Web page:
If a woman discharges an item similar to a shell, or similar to a hair, or similar to soil, or similar to mosquitoes, if such items are red she should cast them into water to ascertain their nature: If they dissolve, it is blood and the woman is impure, but if not she is pure.
On today’s the Gemara tells stories about how such cases were dealt with.
On today’s daf the Gemara tells stories about how such cases were dealt with.
Rabbi Elazar the son of Rabbi Tzadok stated: My father raised two incidents from Tivin to the Sages in Yavne for discussion.
The first was an incident involving a woman who would repeatedly discharge items similar to red shells, and the local residents came and asked my father whether this rendered the woman impure. And my father asked the other Sages, and the Sages asked the doctors who explained to them that the woman had a wound in her womb from which she discharges red items similar to shells. The Sages therefore ruled that the woman should cast them into water to ascertain their nature. If they dissolved it is blood and the woman is impure. And yet another incident occurred involving a woman who would discharge items similar to red hairs, and she came and asked my father whether she was impure. And my father asked the other Sages, and the Sages asked the doctors who explained to them that the woman had a mole in her womb from which she discharges items similar to red hairs.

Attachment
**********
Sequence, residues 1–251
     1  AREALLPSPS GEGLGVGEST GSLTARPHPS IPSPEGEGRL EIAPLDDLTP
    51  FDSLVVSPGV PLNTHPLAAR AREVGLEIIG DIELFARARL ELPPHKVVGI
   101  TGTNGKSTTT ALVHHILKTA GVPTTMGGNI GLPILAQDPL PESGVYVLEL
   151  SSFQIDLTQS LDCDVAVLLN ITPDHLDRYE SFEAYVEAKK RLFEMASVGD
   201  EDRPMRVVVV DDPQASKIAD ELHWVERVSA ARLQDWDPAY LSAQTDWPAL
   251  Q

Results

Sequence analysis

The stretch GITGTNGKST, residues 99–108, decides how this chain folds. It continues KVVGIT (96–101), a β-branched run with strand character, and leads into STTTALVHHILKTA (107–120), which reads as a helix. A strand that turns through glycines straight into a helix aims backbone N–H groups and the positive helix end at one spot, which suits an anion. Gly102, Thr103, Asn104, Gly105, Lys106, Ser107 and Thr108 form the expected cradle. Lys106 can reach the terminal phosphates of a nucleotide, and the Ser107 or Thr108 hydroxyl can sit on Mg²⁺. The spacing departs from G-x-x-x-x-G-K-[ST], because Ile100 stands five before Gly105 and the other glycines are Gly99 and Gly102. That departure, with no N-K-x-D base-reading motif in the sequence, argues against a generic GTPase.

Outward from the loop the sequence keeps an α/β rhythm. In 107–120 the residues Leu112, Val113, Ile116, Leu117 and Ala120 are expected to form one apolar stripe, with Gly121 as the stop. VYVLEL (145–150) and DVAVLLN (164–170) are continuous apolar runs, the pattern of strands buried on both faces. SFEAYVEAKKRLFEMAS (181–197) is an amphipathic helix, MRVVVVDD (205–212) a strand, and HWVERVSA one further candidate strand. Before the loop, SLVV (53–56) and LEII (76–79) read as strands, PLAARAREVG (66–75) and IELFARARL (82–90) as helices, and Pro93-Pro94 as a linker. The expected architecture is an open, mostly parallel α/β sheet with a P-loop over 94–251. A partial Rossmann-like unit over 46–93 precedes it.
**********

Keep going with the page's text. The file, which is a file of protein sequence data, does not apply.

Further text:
The fact that the Sages turned to physicians for advice shows that experts can be relied upon for information when deciding matters of Jewish law, even when there is a Torah prohibition under discussion. The Maharik adds that this is true even when the prohibition carries with it the severe punishment of karet. Some attribute significance to the fact that the Sages did not turn to an individual physician, but asked for the opinion of a group of doctors; others argue that the Sages would only turn to Jewish doctors and would not rely on non-Jews for information that has impact on ruling Jewish law.